Much like the mentors who paved his path, Pomaville is committed to doing the same for current Fresno State students, many of whom intern at the Department of Public Health or go on to have distinguished careers in the field. He said some of the current health education interns have stayed on to work with them throughout this crisis. 

“We’ve continued to give them opportunities and I think they’ve had a very eye-opening experience being able to work right alongside us here at the Department of Public Health,” Pomaville said. “We want to continue that relationship because we really believe that the next generation of leaders are being trained through this COVID response and there’s a lot of systems that are going to change as a result of all of this and really, they are at the forefront of it.”

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Pomaville and assistant director, David Luchini, with Fresno State interns [front] Alfredo Soliz, Sonia Brar and Aneesha Nagra.
As for himself, Pomaville credits his education for preparing him to lead today.

“My experience at Fresno State was remarkable,” Pomaville said. “I have to say, when this whole pandemic started, I wasn’t ready for it, but I really had to change my thinking and be prepared to lead the organization through this. Fresno State gave me the foundation to do that. In these last few weeks, I’ve just been so proud of Fresno State and how they’ve been such a great partner to us in public health. It means a lot to me as a person and it’s given me a lot of pride as a Bulldog.”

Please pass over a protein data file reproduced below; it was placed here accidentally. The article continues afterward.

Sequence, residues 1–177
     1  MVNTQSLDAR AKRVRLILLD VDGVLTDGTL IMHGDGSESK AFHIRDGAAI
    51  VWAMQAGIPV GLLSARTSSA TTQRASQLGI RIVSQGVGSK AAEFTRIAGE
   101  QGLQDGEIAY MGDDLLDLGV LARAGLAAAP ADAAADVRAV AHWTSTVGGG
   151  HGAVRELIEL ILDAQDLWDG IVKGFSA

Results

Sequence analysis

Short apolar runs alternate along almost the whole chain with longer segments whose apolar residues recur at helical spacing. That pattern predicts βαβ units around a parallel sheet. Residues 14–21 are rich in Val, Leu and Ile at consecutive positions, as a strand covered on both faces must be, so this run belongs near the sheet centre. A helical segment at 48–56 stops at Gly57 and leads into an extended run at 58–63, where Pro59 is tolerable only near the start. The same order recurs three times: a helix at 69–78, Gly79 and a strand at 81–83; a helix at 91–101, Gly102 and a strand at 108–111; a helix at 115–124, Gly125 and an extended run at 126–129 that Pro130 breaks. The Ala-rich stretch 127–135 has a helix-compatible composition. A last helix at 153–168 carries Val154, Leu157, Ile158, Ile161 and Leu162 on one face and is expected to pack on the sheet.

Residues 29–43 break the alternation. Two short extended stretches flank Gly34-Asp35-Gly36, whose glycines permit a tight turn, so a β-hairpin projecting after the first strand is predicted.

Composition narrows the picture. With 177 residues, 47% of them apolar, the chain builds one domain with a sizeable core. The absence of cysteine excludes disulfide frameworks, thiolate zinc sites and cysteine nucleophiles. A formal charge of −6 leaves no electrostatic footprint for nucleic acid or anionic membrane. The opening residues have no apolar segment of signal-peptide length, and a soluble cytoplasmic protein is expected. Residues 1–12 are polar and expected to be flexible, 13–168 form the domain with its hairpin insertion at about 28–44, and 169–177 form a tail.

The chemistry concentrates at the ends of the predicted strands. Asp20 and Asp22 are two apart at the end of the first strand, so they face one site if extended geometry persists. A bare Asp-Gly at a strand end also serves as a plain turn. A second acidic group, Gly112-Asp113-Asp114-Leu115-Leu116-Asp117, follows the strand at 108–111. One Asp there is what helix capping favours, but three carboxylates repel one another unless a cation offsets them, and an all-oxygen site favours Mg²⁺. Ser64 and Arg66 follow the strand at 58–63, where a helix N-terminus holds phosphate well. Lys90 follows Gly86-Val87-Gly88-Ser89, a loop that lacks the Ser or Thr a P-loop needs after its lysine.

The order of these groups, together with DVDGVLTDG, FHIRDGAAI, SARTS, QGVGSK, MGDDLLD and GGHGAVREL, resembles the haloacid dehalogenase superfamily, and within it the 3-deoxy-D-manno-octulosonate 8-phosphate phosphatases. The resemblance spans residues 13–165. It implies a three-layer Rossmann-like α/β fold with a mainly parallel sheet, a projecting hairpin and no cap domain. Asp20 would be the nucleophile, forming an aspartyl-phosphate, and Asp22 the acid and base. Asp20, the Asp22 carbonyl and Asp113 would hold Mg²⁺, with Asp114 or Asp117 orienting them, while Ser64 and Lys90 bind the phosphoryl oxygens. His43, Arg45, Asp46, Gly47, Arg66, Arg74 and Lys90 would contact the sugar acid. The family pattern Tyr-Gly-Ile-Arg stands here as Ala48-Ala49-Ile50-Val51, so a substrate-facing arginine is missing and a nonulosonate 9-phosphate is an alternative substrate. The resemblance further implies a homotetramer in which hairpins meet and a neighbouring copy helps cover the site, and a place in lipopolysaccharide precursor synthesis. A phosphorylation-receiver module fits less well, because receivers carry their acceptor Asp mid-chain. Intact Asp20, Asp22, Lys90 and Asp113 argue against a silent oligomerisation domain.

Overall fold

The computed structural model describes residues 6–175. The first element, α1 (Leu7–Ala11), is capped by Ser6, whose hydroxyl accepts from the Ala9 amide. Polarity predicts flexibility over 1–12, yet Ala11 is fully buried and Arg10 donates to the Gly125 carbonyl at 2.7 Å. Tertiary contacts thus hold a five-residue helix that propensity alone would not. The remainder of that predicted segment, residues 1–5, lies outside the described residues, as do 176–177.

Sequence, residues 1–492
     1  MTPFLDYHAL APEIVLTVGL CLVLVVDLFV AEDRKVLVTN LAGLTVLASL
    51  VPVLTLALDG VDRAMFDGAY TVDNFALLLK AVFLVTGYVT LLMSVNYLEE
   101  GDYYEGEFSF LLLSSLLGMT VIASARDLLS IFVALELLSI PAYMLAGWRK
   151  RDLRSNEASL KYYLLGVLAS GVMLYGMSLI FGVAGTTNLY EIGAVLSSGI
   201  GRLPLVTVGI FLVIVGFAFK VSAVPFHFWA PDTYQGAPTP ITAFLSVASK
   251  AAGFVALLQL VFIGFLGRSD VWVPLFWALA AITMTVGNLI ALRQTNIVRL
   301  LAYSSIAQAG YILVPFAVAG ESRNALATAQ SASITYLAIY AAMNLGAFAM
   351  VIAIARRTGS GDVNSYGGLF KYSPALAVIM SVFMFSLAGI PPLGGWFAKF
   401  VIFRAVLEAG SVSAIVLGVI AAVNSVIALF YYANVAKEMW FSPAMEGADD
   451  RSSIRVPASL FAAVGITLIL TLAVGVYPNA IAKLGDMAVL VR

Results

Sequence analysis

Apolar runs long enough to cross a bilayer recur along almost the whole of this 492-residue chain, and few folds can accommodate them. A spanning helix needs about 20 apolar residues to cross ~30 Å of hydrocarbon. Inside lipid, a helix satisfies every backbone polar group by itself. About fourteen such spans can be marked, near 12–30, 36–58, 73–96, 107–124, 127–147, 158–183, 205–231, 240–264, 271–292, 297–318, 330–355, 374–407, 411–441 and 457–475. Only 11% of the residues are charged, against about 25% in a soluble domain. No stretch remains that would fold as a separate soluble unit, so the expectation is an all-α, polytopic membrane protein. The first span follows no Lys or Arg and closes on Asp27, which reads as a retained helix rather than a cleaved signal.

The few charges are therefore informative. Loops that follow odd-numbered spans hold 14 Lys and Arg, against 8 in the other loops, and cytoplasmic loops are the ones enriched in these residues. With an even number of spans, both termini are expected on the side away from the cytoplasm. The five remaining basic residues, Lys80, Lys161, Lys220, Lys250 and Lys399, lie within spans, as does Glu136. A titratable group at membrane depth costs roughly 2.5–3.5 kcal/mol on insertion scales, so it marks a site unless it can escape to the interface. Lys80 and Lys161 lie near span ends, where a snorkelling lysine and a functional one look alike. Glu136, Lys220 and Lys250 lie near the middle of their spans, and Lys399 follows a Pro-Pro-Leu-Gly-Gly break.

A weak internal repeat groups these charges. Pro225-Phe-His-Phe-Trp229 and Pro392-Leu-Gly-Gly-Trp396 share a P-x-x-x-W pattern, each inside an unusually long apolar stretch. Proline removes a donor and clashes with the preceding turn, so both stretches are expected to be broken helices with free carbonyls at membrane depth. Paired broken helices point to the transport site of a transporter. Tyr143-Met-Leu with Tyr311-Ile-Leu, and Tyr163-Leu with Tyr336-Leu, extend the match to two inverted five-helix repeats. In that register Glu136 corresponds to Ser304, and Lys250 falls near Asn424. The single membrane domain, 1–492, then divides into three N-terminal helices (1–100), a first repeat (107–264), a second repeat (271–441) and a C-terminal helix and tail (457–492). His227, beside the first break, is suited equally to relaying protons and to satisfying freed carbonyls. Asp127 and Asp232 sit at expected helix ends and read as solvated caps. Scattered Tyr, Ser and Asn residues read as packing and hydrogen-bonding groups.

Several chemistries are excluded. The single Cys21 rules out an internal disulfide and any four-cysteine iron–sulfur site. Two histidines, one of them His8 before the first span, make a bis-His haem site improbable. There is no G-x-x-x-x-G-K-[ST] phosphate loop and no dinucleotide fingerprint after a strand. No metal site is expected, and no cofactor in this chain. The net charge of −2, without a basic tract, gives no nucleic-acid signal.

His close-knit ties to the University remain strong. His wife, Dr. Fran Pomaville, is a professor of Speech-Language Pathology, at Fresno State and his son, Matt, also graduated from the University and is also pursuing a Ph.D. in the health sciences field.

As Pomaville continues to guide the county, his outlook is optimistic and reassuring at best – but his faith in the community is what truly gives him hope in this time.

“In the Central Valley, and particularly in Fresno, we’ve gone through hard times before and I know we’re going to have some hard times ahead,” Pomaville said. “We are a very giving community who supports each other very well, and I think if we’re patient and we trust each other, then the community will do very well together, and we’ll get through this. There’s no doubt in our minds.”


To learn more about the latest developments of COVID-19 and how it’s affecting Fresno State, visit the University’s official COVID-19 webpage.